CBP/p300 Bromodomain Inhibitor–I–CBP112 Declines Transcription of the Key ABC Transporters and Sensitizes Cancer Cells to Chemotherapy Drugs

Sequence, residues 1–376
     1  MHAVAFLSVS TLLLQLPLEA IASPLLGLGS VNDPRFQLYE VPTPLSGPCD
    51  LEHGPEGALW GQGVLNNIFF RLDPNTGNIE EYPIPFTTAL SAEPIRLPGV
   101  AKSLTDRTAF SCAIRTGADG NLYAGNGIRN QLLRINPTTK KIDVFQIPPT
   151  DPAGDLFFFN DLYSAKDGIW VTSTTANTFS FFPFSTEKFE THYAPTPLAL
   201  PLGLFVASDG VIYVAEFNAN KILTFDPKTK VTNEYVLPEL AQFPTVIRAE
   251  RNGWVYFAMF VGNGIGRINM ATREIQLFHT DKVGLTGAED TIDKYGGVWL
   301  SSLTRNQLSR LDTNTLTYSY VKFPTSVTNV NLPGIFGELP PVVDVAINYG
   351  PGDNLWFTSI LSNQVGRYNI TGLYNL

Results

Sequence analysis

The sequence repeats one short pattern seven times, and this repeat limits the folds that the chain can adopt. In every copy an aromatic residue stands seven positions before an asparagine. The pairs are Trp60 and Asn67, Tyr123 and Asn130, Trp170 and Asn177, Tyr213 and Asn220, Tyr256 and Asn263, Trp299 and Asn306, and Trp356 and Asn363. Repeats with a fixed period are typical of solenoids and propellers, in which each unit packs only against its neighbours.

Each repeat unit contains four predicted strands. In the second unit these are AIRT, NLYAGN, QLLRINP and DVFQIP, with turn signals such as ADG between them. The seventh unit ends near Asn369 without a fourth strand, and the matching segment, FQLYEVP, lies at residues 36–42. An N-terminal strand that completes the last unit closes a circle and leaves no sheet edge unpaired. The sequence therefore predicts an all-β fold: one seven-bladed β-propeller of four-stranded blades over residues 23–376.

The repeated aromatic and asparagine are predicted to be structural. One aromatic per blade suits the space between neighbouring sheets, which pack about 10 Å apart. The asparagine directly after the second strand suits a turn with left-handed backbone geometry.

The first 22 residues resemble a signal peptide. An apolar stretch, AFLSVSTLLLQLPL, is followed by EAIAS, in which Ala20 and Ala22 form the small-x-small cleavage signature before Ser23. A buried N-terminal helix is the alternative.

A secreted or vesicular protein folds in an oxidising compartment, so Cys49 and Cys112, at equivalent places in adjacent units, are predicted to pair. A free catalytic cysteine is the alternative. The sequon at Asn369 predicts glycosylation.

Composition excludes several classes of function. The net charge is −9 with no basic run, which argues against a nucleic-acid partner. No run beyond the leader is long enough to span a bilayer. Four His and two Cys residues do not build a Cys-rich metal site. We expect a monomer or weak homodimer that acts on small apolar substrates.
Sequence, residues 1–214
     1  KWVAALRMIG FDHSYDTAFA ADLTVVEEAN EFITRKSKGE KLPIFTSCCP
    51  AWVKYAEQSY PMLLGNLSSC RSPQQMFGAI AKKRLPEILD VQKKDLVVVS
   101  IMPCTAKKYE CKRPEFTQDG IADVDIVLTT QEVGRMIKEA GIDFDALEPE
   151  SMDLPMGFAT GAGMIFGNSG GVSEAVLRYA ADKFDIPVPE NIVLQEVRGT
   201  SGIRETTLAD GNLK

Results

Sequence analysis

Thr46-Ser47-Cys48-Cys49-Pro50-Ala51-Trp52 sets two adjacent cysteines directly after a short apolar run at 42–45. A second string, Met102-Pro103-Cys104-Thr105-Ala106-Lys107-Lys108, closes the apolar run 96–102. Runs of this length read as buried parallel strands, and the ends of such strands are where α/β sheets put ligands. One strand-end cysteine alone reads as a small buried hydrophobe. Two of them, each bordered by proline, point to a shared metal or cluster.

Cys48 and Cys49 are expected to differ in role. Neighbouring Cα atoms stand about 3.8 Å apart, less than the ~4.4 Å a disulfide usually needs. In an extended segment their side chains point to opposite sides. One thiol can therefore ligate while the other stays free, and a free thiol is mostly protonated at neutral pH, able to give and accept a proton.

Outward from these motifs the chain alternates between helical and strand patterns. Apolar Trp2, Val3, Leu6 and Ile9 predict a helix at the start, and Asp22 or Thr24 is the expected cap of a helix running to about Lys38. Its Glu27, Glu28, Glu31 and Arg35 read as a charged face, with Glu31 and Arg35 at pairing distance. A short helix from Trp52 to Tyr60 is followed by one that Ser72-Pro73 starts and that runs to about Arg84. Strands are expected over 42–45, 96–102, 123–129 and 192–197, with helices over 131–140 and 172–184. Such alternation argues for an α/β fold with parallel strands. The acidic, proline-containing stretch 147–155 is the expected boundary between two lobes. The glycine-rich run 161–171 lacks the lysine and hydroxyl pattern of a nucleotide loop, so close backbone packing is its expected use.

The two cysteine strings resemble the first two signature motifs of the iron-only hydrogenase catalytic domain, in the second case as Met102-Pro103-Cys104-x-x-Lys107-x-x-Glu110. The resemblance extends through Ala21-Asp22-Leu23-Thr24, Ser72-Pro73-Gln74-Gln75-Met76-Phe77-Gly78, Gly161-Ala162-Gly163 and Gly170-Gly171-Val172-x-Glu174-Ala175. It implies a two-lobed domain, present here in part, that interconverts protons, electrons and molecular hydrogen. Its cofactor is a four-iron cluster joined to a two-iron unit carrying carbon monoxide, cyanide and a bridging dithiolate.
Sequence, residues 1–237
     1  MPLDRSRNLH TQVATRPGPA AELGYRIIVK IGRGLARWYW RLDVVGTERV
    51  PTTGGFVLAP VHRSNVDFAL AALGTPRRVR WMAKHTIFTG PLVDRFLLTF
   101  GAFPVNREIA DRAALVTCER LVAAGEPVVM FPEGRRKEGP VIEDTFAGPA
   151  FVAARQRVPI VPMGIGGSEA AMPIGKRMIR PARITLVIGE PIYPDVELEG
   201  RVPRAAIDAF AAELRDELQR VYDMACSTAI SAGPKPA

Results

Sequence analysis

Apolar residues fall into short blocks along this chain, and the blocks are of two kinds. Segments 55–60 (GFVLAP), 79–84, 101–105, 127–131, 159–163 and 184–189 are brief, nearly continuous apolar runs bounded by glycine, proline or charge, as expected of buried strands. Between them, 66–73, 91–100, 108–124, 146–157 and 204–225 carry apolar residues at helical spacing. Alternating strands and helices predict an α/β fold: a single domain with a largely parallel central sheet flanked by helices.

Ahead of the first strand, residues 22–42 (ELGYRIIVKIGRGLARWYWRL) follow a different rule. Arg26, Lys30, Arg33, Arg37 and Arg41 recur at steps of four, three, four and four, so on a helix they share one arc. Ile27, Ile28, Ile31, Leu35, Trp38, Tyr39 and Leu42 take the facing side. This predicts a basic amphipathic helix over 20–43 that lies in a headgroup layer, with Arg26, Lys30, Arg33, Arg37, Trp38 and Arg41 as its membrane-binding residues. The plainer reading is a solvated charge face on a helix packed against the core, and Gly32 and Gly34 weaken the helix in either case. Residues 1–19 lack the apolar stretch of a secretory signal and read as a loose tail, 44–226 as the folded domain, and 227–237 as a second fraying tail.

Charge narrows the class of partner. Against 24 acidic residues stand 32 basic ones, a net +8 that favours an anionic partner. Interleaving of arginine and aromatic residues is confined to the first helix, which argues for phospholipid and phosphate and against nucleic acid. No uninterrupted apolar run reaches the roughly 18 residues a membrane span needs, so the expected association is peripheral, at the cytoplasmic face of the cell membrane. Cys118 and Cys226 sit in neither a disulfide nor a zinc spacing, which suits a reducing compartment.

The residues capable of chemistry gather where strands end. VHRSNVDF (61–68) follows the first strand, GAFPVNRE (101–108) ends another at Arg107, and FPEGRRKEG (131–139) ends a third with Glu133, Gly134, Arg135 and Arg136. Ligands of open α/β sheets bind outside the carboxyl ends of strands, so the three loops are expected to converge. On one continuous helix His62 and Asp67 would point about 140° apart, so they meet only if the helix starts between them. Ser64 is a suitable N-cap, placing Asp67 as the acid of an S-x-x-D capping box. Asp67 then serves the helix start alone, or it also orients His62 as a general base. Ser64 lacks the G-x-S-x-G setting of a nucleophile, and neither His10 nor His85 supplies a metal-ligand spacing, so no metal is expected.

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The high expression of some ATP-binding cassette (ABC) transporters is linked to multidrug resistance in cancer cells. We aimed to determine if I-CBP112, which is a CBP/p300 bromodomain inhibitor, altered the vulnerability of the MDA-MB-231 cell line to chemotherapy drugs, which are used in neoadjuvant therapy in patients with triple negative breast cancer (TNBC). MDA-MB-231 cells represent TNBC, which is negative for the expression of estrogen and progesterone receptors and HER2 protein. An I-CBP112-induced decrease in the expression of all the studied ABCs in the breast, but also in the lung (A549), and hepatic (HepG2) cancer cell lines was associated with increased accumulation of doxorubicin, daunorubicin, and methotrexate inside the cells as well as with considerable cell sensitization to a wide range of chemotherapeutics. Gene promoters repressed by I-CBP112 in MDA-MB-231 cells, such as ABCC1 and ABCC10, were characterized by enhanced nucleosome acetylation and, simultaneously, by considerably lower trimethylation in the transcription-promoting form of H3K4me3. The CBP/p300 bromodomain inhibitor induced the recruitment of LSD1 to the gene promoters. The inhibition of this demethylase in the presence of I-CBP112 prevented the repression of ABCC1 and ABCC10 and, to a considerable extent, cancer cells’ sensitization to drugs. In conclusion, the CBP/p300 bromodomain inhibitor I-CBP112 can be considered as a potent anti-multidrug-resistance agent, capable of repressing key ABC transporters responsible for drug efflux in various cancer types.
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